Tuesday, July 12, 2011

va highlands.

  A sweet morning with nothing to do lead me on a surprise trip with my sweet boy down to the Virginia Highlands. We began the day with breakfast at the Highland Bakery; a chocolate croissant was shared over coffee and conversation. Making a to-do list of exciting things to do in the "one-day" trip to the big apple stirred an appetite that only a decadent feast of eggs covered in hollandaise sauce would suffice.  The meal: delicious. The Company: could not be any better. 
  The rest of the afternoon was spent snickering at silly greeting cards and adoring small boutiques. A favorite of mine would be the "Urban Cottage." The store was owned by a vintage buyer that also repurposes old furniture into unique treasures. It took much will to make it out without spending a sum. The hope would be that I would create my own pieces that would enable me to tell others quirky stories of findings and finishings. An end to the trip came about with a trip to Ben & Jerry's to cool off with a sweet treat: coffee and chocowlate ice cream shared  along with a pomegranate smoothie. 
  A day of looking at things I think I want but would never need ended with the true prize that was holding my hand.

Currently Listening: "Everlasting Light" by The Black Keys

Wednesday, July 6, 2011


  Upon finishing the only novel from Oscar Wilde, my mind started reeling. In so few pages themes of pride, self indulgence, sin, life, eternity and forgiveness create the life of a young man. Just the simplest suggestion that beauty is the ultimate prize to be grasped slowly ate away at the life of Dorian Gray. People that met him found him extraordinarily striking. His golden hair and sly smile bewitched women, young and old. Somehow upon entering a room his presence was felt and heeded to.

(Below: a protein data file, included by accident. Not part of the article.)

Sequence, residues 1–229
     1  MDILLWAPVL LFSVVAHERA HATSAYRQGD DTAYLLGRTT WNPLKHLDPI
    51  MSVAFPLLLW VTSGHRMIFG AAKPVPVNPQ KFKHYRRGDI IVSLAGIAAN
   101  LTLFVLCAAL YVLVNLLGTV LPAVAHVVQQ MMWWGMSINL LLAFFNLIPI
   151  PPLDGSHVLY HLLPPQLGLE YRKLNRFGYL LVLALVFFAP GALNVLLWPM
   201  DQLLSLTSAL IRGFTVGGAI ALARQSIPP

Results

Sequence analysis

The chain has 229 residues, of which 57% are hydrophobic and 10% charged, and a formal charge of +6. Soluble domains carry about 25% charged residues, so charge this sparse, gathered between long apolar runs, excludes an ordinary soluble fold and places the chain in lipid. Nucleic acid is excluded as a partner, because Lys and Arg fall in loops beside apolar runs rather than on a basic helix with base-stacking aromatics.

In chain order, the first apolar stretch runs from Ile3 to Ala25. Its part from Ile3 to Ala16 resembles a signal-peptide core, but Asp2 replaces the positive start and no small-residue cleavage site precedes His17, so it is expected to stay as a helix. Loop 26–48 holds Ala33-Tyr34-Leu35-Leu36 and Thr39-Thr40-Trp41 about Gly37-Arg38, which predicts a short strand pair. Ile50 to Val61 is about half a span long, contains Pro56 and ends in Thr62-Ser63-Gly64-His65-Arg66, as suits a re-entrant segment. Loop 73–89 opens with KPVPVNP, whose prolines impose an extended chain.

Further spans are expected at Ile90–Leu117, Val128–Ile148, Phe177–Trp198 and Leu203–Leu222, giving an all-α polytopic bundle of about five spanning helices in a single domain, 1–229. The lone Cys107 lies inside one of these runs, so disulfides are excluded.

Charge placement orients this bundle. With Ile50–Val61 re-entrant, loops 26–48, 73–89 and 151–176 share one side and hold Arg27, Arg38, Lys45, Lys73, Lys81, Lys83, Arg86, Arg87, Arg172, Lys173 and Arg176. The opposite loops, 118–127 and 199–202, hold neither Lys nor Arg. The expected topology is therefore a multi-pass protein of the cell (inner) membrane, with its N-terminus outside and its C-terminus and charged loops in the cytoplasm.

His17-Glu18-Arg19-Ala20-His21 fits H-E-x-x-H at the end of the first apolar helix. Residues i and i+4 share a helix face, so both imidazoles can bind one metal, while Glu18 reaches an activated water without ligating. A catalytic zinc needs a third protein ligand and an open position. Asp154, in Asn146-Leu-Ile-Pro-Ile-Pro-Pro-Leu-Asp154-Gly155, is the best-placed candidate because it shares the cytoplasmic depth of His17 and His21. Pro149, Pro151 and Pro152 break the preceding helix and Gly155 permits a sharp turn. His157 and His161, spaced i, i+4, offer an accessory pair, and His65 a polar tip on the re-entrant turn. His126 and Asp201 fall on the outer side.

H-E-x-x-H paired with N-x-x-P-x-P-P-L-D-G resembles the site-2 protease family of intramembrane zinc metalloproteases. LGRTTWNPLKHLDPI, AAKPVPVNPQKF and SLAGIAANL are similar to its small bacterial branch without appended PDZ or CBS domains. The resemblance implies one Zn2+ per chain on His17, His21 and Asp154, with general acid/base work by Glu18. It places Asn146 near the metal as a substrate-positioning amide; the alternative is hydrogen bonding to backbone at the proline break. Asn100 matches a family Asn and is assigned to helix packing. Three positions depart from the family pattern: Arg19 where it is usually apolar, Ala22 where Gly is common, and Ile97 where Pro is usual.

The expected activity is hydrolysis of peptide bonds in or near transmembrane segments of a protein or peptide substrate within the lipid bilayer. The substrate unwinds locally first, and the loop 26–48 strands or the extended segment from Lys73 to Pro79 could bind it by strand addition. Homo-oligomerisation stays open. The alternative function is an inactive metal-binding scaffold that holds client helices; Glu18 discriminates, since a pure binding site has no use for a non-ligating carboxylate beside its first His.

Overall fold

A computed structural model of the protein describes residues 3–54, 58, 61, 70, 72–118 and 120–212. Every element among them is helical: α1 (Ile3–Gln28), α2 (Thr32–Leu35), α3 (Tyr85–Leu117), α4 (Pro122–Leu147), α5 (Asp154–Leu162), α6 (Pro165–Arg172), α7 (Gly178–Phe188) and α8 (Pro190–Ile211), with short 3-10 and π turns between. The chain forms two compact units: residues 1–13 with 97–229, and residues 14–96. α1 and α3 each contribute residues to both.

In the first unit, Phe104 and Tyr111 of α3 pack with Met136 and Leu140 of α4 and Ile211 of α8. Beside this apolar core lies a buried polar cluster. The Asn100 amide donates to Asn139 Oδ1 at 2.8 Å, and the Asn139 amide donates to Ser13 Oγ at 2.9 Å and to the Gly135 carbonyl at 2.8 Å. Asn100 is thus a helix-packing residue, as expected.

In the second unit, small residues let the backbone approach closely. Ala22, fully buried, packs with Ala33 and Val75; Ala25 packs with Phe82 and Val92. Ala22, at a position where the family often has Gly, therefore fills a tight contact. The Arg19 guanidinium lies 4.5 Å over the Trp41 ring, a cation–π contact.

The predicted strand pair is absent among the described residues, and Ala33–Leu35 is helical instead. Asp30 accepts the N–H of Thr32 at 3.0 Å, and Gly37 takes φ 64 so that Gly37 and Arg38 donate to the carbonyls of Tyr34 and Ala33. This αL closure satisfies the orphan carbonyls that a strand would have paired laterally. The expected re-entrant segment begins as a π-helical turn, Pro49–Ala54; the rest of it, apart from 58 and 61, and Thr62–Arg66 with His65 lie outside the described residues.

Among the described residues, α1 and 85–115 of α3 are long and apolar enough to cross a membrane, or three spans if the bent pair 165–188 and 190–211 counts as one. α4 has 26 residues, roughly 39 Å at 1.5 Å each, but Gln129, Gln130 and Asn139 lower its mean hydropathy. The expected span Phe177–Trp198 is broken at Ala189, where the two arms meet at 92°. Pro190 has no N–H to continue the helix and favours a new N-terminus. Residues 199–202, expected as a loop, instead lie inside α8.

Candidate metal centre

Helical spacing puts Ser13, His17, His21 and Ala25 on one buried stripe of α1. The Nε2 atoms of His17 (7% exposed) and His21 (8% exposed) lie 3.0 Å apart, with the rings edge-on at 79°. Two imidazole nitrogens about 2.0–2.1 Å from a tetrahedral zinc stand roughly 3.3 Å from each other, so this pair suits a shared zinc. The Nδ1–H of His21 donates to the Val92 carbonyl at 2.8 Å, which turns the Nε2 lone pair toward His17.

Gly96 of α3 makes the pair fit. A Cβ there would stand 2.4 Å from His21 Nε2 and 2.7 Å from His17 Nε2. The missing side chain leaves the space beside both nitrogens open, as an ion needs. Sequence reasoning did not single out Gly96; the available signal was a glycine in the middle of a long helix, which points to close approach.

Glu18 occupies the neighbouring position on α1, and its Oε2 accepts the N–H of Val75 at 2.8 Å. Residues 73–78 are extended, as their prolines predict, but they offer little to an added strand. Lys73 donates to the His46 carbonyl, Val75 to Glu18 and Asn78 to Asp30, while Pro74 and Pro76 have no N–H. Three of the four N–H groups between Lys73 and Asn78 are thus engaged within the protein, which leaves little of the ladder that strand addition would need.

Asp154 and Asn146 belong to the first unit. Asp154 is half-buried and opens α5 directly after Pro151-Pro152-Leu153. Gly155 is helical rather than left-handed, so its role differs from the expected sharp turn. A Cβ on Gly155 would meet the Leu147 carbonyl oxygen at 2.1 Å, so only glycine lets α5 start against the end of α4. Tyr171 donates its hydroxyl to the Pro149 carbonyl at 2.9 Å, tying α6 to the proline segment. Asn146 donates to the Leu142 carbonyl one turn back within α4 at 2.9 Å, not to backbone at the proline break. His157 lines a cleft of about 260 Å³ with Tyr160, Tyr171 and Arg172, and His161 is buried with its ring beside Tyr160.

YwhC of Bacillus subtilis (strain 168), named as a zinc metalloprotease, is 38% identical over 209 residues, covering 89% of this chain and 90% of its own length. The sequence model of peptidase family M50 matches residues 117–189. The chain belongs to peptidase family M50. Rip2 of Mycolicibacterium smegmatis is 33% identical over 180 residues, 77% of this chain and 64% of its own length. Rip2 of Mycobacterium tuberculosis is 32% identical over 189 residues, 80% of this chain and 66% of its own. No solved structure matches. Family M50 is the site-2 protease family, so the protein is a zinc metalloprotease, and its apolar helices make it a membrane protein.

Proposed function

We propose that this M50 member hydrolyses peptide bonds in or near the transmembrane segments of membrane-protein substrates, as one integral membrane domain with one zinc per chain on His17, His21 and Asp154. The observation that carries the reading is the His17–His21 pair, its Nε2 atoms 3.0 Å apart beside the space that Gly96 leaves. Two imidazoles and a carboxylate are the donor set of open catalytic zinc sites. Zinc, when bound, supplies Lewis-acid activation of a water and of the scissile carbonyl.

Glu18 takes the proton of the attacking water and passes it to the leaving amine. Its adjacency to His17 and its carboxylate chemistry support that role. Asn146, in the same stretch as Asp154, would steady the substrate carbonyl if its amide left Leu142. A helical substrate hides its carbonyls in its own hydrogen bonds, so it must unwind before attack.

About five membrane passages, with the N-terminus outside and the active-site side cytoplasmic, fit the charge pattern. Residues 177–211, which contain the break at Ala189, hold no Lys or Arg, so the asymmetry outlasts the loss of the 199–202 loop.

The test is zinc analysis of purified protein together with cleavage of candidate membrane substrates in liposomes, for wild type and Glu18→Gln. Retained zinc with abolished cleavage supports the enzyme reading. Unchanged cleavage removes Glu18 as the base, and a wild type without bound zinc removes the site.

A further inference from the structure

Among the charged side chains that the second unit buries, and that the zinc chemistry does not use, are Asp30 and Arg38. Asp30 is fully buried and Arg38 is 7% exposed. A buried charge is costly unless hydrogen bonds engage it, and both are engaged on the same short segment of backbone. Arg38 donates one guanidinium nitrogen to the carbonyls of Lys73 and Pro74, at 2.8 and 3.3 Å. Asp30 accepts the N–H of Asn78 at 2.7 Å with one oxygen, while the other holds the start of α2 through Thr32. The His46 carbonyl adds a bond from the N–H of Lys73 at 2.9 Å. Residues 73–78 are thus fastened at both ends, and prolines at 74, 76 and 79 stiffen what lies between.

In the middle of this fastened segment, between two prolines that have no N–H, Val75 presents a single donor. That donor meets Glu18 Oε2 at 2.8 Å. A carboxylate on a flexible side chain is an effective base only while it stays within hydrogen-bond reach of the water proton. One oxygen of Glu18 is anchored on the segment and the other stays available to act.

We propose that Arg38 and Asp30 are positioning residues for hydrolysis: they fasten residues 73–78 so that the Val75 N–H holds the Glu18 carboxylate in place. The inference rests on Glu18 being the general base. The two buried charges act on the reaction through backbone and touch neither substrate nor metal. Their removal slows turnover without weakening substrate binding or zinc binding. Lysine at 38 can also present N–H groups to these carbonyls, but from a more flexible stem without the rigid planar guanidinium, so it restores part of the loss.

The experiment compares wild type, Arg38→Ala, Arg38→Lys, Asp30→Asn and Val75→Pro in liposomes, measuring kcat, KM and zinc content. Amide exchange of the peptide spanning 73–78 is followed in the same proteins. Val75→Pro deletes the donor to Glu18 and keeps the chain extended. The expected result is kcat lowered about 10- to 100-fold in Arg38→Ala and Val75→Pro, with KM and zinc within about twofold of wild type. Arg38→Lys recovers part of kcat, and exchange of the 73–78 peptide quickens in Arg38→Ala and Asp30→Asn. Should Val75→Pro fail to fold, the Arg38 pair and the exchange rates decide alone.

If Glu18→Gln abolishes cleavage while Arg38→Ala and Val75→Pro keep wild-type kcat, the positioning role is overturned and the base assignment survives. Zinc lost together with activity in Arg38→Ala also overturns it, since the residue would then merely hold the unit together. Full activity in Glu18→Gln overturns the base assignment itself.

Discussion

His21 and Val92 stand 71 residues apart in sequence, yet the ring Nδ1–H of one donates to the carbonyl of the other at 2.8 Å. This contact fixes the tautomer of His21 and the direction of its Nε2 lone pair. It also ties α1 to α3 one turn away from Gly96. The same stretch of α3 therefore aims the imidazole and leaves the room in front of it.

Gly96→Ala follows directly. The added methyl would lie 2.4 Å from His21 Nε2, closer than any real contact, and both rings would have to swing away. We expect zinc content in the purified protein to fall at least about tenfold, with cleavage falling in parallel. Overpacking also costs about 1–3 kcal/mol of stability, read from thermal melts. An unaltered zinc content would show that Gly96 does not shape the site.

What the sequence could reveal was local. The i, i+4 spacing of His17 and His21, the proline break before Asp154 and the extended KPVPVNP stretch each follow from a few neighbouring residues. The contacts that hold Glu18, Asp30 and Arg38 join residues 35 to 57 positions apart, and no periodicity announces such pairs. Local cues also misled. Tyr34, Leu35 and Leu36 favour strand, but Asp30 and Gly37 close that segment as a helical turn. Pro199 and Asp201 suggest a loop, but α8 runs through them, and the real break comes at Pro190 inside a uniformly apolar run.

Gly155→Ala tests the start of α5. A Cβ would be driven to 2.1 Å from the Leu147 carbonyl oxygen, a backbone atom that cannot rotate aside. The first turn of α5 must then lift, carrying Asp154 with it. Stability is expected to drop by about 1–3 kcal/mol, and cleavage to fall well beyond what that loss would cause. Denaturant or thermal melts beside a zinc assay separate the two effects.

A friend of Dorian's, Basil Hallward, was also estranged by the perfection of a man. He asked permission to capture such beauty on a canvas. The completion of the painting sealed the demise of Dorian Gray. Contrary to how most humans age, Dorian retained his handsome demeanor in exchange for his sin marring the portrait of himself. Each day wrinkled the face of acrylic and spilt blood on the guilty hands of a citizen. His secret, hidden beneath a cloak of purple, consumed Mr. Gray's mind until he ran mad. The obsession with perfection drove him to drastic measures of protecting a face.
  Dorian ceased to realize that over the years fascination with the perfect man grew to disgust. Many felt the weight of his presence as too much to bare. Though the human face on Gray was preserved, the beauty was fleeting. His heart revealed what his face did not in the form of a painting. In his attempt to destroy the very thing that lead him to his lowest place, he took his life.
  He asked for no forgiveness. He made no amends. Wilde weaves in the importance of forgiveness into the novel with Basil's character. Basil begs Dorian to shed light on his faults and expose his life. For an author struggling with deep longing for faith, his beliefs show their face throughout the pages of his sole novel written. Wilde gives reminders of how fickle these lives are without reconciliation and love. All outward beauty shall fade.

Currently Listening: "Wash." by Bon Iver